Ten Reasons Why Biosimilar Candidates Should Not Be Tested for Clinical Efficacy

October 31, 2020
Sarfaraz K. Niazi, PhD

Sarfaraz K. Niazi, PhD, is an adjunct professor of biopharmaceutical sciences at the University of Illinois and the University of Houston, and founder of biosimilars companies Karyo Biologics and Adello Biologics. He also founded the biosimilar advisory company PharmSci.

The FDA may require comparative clinical efficacy for biosimilar approval, but on top of all the other required and available evidence, these trials add little value, Sarfaraz K. Niazi, PhD, states.

A true biosimilar product has “no clinically meaningful difference” compared with its reference product. Given the structural variance in a biosimilar candidate and its reference product, the regulatory agencies recommend stepwise testing that comprises analytical assessment, animal pharmacology, and clinical pharmacology profiling.

Clinical safety and efficacy testing should not be allowed if there remains a residual uncertainty after the stepwise assessment. Comparative efficacy testing of biosimilars is redundant at best based on the following:

  • Suppose the molecular structure of biological products were fixed. In that case, no clinical efficacy study would be required, so the emphasis should be on validating structural differences only, using both in vitro and in vivo testing, not clinical efficacy testing that is less sensitive in establishing structural similarity. If a structural element cannot be investigated, the uncertainty applies to both the biosimilar candidate and the reference product.
  • Regulatory agencies suggest conducting “additional clinical testing” if a residual uncertainty remains in establishing structural similarity; however, “additional clinical testing” does not mean clinical efficacy testing; it could well be an additional clinical pharmacology study. Historically, neither the FDA nor the European Medicines Agency (EMA) has identified residual uncertainty in any biosimilar product that will justify conducting comparative efficacy testing.
  • Comparative efficacy and safety studies require establishing an acceptable difference based on clinical judgment only that varies among agencies. Still, these do not ensure that the biosimilar candidate has sufficient comparable safety and efficacy. The safety and efficacy parameters are entirely arbitrary.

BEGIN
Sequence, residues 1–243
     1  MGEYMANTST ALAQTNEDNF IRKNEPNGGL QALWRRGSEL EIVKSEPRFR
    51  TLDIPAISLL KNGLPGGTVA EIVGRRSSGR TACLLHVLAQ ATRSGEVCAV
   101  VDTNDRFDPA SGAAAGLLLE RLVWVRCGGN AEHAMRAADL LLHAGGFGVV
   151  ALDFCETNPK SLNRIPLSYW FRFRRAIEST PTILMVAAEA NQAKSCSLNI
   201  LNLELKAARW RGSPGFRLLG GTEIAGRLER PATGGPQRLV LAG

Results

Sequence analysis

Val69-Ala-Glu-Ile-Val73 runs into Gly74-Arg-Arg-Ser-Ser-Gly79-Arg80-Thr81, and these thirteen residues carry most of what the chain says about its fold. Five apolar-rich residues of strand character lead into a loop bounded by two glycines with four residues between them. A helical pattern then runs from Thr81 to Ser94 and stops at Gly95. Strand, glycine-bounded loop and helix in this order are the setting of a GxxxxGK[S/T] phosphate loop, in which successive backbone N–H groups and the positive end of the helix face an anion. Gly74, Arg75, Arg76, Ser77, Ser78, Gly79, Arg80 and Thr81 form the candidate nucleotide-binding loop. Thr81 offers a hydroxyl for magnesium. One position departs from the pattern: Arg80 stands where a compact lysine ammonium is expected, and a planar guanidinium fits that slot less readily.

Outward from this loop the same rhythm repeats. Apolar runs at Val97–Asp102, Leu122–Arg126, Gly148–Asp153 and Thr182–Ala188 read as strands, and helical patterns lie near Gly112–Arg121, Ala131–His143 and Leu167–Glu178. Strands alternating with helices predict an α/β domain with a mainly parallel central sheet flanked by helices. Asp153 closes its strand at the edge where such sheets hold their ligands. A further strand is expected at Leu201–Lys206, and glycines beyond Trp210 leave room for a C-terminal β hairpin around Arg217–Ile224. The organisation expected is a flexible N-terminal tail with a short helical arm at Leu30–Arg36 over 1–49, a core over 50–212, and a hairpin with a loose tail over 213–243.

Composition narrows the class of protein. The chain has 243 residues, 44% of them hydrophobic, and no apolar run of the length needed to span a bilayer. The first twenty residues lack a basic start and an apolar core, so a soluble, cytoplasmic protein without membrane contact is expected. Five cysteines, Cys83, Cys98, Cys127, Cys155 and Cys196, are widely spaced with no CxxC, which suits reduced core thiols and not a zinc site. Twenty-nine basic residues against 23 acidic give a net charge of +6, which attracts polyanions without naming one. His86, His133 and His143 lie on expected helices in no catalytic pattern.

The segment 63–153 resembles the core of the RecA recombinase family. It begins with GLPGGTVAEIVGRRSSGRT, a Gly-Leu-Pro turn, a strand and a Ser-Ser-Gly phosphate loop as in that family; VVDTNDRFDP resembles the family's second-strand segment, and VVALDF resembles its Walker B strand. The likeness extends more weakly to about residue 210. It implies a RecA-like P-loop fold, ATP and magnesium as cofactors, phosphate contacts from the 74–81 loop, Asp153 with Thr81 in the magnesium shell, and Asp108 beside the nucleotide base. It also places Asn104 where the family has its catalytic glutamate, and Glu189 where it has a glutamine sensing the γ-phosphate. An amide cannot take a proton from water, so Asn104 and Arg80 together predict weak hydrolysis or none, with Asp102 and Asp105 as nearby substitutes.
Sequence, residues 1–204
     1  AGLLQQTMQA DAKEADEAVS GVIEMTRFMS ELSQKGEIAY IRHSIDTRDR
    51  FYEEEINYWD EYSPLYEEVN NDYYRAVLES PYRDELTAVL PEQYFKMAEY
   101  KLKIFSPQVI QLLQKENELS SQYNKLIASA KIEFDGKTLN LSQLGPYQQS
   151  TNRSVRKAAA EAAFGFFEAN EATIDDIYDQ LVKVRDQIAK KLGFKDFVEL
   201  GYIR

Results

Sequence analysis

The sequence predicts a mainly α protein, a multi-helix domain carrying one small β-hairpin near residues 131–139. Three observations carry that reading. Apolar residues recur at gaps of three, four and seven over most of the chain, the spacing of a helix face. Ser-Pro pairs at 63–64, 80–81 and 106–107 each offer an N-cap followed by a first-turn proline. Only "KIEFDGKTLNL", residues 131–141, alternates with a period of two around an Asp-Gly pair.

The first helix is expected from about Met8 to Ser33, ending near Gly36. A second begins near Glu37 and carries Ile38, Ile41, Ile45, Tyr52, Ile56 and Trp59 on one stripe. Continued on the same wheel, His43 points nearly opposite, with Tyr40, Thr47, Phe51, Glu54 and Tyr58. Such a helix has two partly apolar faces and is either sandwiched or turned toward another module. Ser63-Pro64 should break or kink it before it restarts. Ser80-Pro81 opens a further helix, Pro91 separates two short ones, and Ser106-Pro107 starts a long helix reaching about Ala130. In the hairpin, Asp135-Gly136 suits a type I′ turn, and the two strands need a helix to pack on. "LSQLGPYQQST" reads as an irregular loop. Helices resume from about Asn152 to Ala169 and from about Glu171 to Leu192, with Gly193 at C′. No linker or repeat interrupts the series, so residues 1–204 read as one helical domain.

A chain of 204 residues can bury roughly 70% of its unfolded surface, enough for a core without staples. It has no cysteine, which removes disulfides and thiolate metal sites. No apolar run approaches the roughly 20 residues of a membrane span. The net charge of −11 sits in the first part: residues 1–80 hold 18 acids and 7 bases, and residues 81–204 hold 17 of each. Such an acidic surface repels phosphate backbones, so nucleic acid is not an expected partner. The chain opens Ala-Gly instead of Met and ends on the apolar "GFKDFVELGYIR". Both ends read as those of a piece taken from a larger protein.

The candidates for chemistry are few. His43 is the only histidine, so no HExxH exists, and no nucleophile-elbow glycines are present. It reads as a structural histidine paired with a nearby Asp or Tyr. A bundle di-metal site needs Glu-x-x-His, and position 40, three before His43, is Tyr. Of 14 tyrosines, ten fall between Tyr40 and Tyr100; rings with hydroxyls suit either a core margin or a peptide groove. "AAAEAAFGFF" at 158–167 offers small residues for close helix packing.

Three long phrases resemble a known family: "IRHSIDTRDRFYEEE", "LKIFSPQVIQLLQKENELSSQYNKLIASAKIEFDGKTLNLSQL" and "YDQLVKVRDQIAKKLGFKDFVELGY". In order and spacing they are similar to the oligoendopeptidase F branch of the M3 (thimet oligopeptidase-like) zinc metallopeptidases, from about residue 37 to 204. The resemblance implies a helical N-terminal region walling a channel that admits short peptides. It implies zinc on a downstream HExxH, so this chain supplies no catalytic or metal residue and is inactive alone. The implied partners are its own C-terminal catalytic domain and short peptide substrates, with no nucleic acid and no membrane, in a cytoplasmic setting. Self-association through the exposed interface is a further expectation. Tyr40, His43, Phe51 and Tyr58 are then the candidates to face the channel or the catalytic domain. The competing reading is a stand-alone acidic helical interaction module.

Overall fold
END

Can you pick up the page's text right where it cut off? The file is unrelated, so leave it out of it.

• Biosimilar products receive extrapolation of indications, so, if a comparative efficacy study is required to establish biosimilarity, it must be conducted in all indications, not just in a group of indications based on the same mode of action. Such all-inclusive studies are not practical to conduct.
  • A new biological product is tested for comparative efficacy against a placebo. A statistical model to show a difference in this case is relatively straightforward. To achieve statistical significance in a comparative efficacy trial with biosimilars, many patients are required to demonstrate similarity or noninferiority, possibly more than for the testing of a new biological drug, if done correctly.
  • It is impractical to test a biosimilar product in a treatment-naïve population, which would increase patient response variability, making such studies complex and difficult to conclude.
  • Regulatory agencies suggest the use of clinical biomarkers, but there is no correlation among the available markers; one study may obtain results with one marker that may not be replicable using another marker.
  • Biological products have a broader dose-response relationship, so a product that does not meet the analytical assessment may pass the comparative efficacy testing. Comparative efficacy testing, therefore, risks the approval of unqualified biosimilars.
  • Patient populations are limited in some indications. In the case of oncology drug testing, this may stretch out the time needed to complete a trial protocol. In many cases, patients are lost to the disease. Given the highly variable patient response, clinical efficacy testing of biosimilar products becomes more demanding than the development of new biologics.
  • The FDA and European Medicines Agency have approved about 200 biosimilar products; a summary analysis shows no product was rejected based on comparative clinical efficacy testing. Even when there were minor differences, they were accepted. On an intellectual basis, if a test never fails, it means that either the products were similar or the test is not sensitive enough to tell the difference—in both cases, the testing would be redundant and unnecessary.

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